Diabetes, the medical condition of persistently high blood sugar, is driven by critical deficiencies in five things: genes, nourishment, sleep, exercise, and stress management and diabetes is exacerbated by various excesses. Ironically, one such excess is the high sugar diet [300 grams of carbohydrate a day!] recommended by the American Diabetes Association.
In the etiology of diabetes, while deficiencies drive the process, one possible contributing excess is the consumption of vast amounts of sugars in brief periods of time, forcing the body to process sparingly soluble amylin precursor proteins faster than it can safely do so; as insoluble junk accumulates, insulin producing cells can be killed off prematurely, one of many routes to type II diabetes.
Undernourishment is one of the 5 drivers of medical conditions, the precursors of disease and death.
In America, undernourishment is often accompanied by overfeeding. Undernourishment fails to shut off the hunger drive until the next meal, and when food is readily available, this awakened hunger (along with stress, lack of sleep, and insufficient exercise) contributes to overfeeding.
Hence the mistaken notion of American doctors that obesity is a risk factor for type II diabetes, a notion that often borders on the ludicrous assertion that obesity causes diabetes. No Indian doctor would that mistake because:
In India, undernourishment is rarely accompanied by overfeeding.
Consider this article:
Incidence of diabetes highest, progression fastest among Asian Indians
Anjana RM, et al. Diabetes Care. 2015;doi:10.2337/dc14-2814.
April 30, 2015
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Asian Indians with prediabetes exhibit one of the highest incidence rates for diabetes, despite being younger and having a much lower average BMI than other high-risk populations, according to research in Diabetes Care.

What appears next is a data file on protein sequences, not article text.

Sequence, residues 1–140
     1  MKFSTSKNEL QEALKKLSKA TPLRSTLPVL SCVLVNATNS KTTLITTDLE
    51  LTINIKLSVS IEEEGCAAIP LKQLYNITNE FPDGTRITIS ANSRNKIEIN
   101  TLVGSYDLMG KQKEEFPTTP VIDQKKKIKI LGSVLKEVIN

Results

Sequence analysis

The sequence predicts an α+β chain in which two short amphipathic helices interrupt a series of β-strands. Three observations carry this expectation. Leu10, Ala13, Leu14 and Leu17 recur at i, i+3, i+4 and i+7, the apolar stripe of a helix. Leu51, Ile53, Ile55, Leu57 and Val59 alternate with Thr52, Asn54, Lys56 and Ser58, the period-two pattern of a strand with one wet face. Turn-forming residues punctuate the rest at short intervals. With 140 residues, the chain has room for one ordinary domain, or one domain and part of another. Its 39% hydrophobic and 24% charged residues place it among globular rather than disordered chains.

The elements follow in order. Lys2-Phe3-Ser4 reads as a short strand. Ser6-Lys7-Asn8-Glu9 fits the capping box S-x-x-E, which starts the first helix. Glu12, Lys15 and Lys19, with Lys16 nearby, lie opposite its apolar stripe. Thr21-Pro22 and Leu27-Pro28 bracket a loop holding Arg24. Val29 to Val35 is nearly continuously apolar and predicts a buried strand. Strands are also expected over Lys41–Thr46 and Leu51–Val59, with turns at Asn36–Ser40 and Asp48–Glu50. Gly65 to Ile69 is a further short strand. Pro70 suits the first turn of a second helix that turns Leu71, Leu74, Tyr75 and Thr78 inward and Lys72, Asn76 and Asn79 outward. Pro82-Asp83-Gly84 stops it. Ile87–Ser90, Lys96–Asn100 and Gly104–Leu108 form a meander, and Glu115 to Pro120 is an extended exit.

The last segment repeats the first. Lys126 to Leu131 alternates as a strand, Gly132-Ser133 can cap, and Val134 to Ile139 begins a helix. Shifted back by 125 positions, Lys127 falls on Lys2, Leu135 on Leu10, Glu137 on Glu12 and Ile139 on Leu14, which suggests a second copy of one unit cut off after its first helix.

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The follow-up study of a large population-based epidemiologic study of adults in south India also showed that progression from prediabetes to diabetes occurs much faster in Asian Indians than in other ethnic groups, according to researchers.
Ranjit Mohan Anjana, MD, vice president of Madras Diabetes Research Foundation in Chennai, India, and colleagues at other institutions analyzed data from 1,376 participants of the Chennai Urban Rural Epidemiology Study (CURES) cohort with a normal glucose tolerance (n = 1,077) or prediabetes (n = 299) at baseline, who were followed for a median of 9.1 years. Participants completed interviewer-administered questionnaires at both baseline (between 2001 and 2003) and follow-up (between 2012 and 2013) regarding their socioeconomic status, medical and family history, physical activity, and tobacco and alcohol use. Researchers measured BMI, waist and hip circumference, blood pressure and glucose levels. Researchers checked cases of self-reported diabetes against medical records for accuracy.
Among participants with normal glucose tolerance at baseline, 19.4% developed diabetes and 25.7% developed prediabetes. Among participants with existing prediabetes, 58.9% went on to develop diabetes.
The incidence rate of diabetes for the cohort was 33.1 per 1,000 person-years (95% CI, 29.9-36.5), whereas the incidence rate for prediabetes among those with a normal glucose tolerance at baseline was 29.5 per 1,000 person-years (95% CI, 26.1-33.1).
The incidence rate for prediabetes for the cohort was 78.9 per 1,000 person-years — higher than rates reported in small, isolated populations, such as the Pima Indians, the Micronesian population of Nauru and Native Americans participating in the Strong Heart Study, according to researchers.
“Part of this could be explained by the high prevalence of family history [of diabetes] in our population,” the researchers wrote. “It also represents rapid epidemiological transition in our population.”
Those in the cohort with normal glucose tolerance who went on to develop diabetes were significantly older and had a higher BMI, waist circumference, systolic and diastolic BP and insulin resistance compared with those who did not develop the disease. Those in the cohort with prediabetes who developed diabetes had a significantly higher fasting plasma glucose, 2-hour plasma glucose and HbA1c level, and they were more likely to have a family history of the disease than those who did not progress to diabetes, according to researchers.
“Awareness of the predictors of incident diabetes will help in the identification of individuals at highest risk so that appropriate preventive measures could be taken to slow down the epidemic of diabetes in this population,” the researchers wrote. – by Regina Schaffer
Disclosure: The researchers report no relevant financial disclosures.